A study by the Indian Institute of Technology-Kanpur (IIT-K) carried out during the Covid-19 pandemic has shown that the lockdown ensured at least 50 per cent reduction in chemical concentration in the Ganga river. The study was conducted by a team of scientists from IIT-K to ascertain the impact of restricted anthropogenic activities on the water chemistry resilience of large rivers. The site selected by the team of researchers was downstream of Ganga river at Prayagraj where they studied the impact from March 25 till May 13.
The team analysed the daily geochemical record of the Ganga river which revealed that reduced industrial discharge during 51 days of mandated nationwide lockdown decreased the dissolved heavy metal concentrations by a minimum of 50 per cent. In contrast, inputs from agricultural runoff and domestic sewage like nitrate and phosphate remained almost the same as these sources were not impacted by the nationwide confinement.
The study findings indicated that reduction in industrial wastewater can substantially reduce heavy metal pollution in Ganga water in a short time span of a few months. "The lockdown resulted in a complete shutdown of industrial operations, and in turn, the effluent discharge from various industries was negligible. This industrial discharge usually ends up in nearby water bodies and groundwater despite India's stringent 'zero liquid discharge' laws preventing discharge of untreated effluent in rivers. It is estimated that industrial wastewater contributes nearly 20 per cent of the total volume of wastewater generated in the Ganga basin," the research estimated.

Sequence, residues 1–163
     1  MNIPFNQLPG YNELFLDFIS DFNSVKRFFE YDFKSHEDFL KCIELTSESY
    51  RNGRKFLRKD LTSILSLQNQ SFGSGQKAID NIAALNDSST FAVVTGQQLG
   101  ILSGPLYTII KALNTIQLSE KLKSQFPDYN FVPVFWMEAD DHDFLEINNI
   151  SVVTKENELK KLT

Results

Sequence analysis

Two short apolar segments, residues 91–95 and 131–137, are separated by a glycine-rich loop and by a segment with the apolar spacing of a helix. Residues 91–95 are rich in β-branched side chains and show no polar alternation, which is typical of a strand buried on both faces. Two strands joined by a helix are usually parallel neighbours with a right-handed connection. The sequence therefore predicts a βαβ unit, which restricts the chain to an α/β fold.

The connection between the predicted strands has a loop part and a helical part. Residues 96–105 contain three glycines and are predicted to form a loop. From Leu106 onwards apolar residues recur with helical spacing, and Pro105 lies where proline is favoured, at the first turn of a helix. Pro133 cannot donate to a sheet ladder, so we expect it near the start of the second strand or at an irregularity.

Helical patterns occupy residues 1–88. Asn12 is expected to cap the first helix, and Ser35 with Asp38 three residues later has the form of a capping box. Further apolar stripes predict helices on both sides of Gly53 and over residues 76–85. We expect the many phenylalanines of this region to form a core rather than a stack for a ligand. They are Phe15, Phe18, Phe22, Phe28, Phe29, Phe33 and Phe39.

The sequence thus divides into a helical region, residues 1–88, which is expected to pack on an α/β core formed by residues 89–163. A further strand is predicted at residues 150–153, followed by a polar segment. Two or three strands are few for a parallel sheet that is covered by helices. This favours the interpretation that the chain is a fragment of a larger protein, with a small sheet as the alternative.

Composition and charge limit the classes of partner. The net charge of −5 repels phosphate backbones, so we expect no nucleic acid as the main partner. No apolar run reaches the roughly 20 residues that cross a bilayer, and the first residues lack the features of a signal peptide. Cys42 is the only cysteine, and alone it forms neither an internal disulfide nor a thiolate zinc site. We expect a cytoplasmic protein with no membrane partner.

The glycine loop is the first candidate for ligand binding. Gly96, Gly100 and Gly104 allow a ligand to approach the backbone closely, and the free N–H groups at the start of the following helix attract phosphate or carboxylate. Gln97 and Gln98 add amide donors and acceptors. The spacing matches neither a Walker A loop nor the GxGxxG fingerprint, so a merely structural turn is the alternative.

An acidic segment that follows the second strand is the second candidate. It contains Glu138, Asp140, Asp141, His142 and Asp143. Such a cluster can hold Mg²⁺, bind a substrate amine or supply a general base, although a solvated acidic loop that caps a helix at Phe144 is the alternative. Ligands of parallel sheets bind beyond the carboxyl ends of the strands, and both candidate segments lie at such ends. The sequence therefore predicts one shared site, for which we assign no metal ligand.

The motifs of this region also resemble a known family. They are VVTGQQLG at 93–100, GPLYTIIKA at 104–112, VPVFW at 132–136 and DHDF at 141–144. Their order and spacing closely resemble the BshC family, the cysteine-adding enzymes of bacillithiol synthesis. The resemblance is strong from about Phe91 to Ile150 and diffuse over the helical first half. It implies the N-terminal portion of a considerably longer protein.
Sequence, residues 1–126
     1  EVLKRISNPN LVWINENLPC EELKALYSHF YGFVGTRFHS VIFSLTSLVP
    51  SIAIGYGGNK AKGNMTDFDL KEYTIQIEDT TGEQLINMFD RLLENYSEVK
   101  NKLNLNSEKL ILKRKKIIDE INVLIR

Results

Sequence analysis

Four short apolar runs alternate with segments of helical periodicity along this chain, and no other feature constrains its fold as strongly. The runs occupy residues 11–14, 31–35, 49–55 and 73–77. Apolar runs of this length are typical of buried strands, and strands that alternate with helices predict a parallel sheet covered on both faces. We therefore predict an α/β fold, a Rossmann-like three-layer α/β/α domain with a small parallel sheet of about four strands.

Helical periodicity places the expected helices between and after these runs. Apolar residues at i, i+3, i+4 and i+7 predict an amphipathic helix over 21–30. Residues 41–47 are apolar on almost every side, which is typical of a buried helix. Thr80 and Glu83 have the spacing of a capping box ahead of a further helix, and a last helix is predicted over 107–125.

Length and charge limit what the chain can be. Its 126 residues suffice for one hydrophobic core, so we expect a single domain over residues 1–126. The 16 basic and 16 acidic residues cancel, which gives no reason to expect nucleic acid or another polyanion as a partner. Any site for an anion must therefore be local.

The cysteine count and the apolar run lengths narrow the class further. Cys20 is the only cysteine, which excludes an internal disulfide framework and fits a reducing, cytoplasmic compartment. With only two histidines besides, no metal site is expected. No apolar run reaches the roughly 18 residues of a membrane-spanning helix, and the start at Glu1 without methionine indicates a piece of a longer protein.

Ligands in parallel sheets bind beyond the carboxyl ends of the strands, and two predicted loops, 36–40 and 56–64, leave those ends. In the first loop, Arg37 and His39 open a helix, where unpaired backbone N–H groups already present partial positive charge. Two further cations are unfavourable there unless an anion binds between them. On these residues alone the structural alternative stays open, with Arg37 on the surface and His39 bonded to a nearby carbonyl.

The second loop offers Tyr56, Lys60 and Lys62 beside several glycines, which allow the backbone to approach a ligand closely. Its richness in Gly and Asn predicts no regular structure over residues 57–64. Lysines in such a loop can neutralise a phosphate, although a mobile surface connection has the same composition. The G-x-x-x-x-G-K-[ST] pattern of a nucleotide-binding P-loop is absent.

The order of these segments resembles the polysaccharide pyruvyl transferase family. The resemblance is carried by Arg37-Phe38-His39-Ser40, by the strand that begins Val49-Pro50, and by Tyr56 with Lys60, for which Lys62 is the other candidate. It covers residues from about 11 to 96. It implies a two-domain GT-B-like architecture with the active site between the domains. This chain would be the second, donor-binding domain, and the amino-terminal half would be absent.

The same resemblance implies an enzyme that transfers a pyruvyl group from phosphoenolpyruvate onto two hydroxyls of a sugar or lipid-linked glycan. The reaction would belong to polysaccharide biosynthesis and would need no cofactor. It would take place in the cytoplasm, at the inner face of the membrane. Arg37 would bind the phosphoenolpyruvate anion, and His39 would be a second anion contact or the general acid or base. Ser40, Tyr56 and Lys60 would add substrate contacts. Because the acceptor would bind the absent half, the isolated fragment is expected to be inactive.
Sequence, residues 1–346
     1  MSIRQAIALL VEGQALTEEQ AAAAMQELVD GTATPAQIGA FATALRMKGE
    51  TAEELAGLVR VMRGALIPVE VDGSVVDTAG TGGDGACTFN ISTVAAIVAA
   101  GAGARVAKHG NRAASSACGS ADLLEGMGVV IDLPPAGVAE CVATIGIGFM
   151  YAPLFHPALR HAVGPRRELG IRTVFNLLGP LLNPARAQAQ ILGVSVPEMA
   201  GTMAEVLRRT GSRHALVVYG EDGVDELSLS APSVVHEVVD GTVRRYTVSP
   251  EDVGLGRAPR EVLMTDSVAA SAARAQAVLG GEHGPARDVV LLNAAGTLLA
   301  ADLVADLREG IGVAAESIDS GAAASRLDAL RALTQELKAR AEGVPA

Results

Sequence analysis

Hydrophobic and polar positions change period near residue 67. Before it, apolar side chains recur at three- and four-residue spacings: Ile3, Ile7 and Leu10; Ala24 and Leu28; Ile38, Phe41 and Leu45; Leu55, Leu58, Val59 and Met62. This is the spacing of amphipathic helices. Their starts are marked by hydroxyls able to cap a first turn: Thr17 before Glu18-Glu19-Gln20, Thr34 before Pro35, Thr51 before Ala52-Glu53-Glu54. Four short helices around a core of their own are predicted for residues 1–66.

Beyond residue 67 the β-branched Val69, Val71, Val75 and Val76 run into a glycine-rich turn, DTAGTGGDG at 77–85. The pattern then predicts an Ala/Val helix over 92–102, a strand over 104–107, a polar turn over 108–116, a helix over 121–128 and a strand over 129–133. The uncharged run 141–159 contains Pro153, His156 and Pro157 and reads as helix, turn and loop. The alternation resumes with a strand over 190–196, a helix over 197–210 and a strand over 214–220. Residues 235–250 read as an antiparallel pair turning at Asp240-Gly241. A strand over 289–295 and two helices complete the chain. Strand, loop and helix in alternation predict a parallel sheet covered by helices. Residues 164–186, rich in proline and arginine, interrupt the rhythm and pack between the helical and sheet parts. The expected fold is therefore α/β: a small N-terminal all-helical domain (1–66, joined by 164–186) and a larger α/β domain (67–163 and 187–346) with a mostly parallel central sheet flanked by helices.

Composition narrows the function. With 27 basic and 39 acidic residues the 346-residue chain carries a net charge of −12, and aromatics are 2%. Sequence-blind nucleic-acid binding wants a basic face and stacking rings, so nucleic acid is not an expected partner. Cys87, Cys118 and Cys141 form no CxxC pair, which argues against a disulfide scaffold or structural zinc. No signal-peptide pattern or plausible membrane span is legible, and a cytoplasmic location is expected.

The researchers also quantified that Uttar Pradesh alone contributes 54 per cent of the total industrial wastewater generation in the Ganga basin, especially the stretch between Kanpur and Prayagraj, which hosts an enormous variety of industries.
"We emphasis that of the 764 industries in the entire Indian part of the Ganga basin, 90 per cent of the industries are located in the state of Uttar Pradesh alone, consisting mostly of tanneries (64 per cent) and textiles (9 per cent), sugar (8.2 per cent), paper (4.8 per cent) and industries (32 per cent). Even in terms of industrial wastewater generation, Uttar Pradesh also leads all other states in the Ganga basin, generating 269 million liters per day (MLD), which is 54 per cent of the total wastewater generated in the entire basin," the scientists noted in the study.
The research was supported by the Indo-US Science and Technology Forum (IUSSTF), a bilateral organisation under the Department of Science and Technology (DST), Government of India and US Department of State. It was recently published on the cover of the journal 'Environmental Science and Technology Letters'.